First let me share some good articles to read from some academic friends of mine:
- 8 Reasons Final Exams Might Be All Wrong 8 Reasons
- 10 Buddhist Maxims For Business 10 Buddhist Maxims
- 10 Next-Gen Twitter Comedians You Need to Follow Comedians
- 15 Biographies Every MBA Student Should Read 15 Biographies
- 7 Most Common Facebook Crimes 7 Most Common Facebook Crimes
- 40 Important Ergonomics Tips for Students Online All the Time 40 Important Ergonomics Tips
- The New Networking: Ultimate FaceBook Guide for 2012 Grads The New Networking
- 43 Things Your Future Boss Wants You to Know 43 Things
- 10 Best iPhone Apps for Staying Safe on Campus 10 Best iPhone Apps
- The New Networking: Ultimate Twitter Guide for 2012 Grads The New Networking
- 32 Pinteresting Ideas to Organize Your Home Office 32 Pinteresting Ideas
Last week, I shared a blog post about the new Google drive service. In the post, I talked about Dropbox, which is a service I’ve used for years. You can find out more about Dropbox in the following articles:
- Dropbox: The Inside Story Of Tech’s Hottest Startup The Inside Story
- Dropbox on Wiki Dropbox on Wiki
Now let me pose a question. How well will Dropbox do, now that Google and Microsoft (i.e. SkyDrive) have entered the picture?
If we read through the Wiki article, there are some interesting tidbits to discover. For one thing, it was started by an MIT graduate. This person kept forgetting his USB flash drive. It looks like they really got off the ground in the year 2010.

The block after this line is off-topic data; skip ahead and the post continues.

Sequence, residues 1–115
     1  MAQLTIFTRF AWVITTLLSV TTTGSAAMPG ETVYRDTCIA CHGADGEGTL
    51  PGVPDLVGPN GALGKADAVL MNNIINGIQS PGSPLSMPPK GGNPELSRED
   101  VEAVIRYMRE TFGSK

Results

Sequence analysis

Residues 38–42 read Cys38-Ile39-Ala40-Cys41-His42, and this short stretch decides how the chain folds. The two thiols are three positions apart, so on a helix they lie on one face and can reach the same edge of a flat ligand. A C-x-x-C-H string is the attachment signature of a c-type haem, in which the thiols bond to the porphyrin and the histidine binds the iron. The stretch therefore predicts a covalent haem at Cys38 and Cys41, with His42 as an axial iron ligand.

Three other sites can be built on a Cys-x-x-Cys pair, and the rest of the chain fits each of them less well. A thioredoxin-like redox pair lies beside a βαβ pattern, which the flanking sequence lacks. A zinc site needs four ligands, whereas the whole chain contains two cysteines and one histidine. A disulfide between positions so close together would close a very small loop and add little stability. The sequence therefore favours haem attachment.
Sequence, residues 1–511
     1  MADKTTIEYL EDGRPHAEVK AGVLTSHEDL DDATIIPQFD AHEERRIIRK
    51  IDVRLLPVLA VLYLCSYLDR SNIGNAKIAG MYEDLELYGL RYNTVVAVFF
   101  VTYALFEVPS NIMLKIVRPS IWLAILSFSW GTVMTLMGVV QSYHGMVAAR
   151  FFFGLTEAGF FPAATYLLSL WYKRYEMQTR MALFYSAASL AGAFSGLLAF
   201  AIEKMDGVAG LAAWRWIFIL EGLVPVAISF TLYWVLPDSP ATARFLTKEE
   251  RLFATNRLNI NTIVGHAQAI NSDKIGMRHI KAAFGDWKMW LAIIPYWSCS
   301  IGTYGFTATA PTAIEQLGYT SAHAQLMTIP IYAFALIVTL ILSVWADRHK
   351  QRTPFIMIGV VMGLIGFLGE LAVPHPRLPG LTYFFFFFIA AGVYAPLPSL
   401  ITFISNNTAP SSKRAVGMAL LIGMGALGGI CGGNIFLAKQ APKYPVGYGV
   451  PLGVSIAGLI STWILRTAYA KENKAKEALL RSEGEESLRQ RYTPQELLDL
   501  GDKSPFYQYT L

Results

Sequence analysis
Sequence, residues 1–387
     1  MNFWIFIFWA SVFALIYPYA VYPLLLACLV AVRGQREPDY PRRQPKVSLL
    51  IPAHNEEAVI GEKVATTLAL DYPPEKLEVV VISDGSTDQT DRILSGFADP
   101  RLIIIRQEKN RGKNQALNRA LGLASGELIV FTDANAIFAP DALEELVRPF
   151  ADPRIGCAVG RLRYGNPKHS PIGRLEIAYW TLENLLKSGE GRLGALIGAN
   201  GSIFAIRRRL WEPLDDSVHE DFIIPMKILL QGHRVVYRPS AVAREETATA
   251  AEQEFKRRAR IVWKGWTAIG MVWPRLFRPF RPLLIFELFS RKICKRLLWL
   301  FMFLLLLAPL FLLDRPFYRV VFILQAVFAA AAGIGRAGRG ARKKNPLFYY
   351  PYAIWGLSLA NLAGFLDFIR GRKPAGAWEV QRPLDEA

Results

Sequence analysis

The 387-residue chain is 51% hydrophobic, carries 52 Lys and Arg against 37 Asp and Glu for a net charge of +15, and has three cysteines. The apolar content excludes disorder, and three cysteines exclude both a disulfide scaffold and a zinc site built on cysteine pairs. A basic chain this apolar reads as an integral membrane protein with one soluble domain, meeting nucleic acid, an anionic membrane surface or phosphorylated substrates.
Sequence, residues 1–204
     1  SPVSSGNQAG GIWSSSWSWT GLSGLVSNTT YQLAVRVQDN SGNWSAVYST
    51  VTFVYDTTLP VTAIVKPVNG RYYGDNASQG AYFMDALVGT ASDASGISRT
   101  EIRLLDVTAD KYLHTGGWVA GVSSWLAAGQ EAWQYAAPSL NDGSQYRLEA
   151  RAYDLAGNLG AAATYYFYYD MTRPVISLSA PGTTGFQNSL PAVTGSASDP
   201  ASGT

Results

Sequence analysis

In 2011, they have a user base of around 50 million users. It’s estimated the valuation of the company is anywhere from 1 to 10 billion. It also mentions that two U2 band members are investors.
Now we come along and find a recent news story entitled Review: Using Files Made Easy with Online Storage at Using Files. Here we see a popular news service covering Dropbox, Google Drive and Microsoft SkyDrive.
If you look at the free offerings, Dropbox gives you 2 gig, Google 5 gig, and Microsoft 7 gig. So right away, we find the 2 well-known software companies are offering up more than Dropbox.
If I look at the Wiki article on SkyDrive at Wiki article on SkyDrive, it mentions the service has been tested since 2007. Were the Dropbox founders aware of this?
A good comparison article for cloud services is How To Choose The Best Cloud For Your Data Best Cloud
It’s interesting that Dropbox is chiefly written in the scripting language Python. It’s a scripting language I played with a while back, along with Perl and PHP. It’s easier to build something in a scripting language than a tradition language like Java, C++ or C#.
Perhaps it’s easier to compare the services to members of the Avengers movie. There might be room for all players, just as there is room for all avengers characters. Actually, I don’t think the Black Widow and Hawkeye add much to what the Avengers can do. Thor, Hulk and Iron Man will offer the raw power needed. Captain America is needed on the Avengers as Batman is on the Justice League. Both are skilled strategists who can figure out ways to find weak points, etc. Both are also skilled warriors in battle. Either can be a team leader.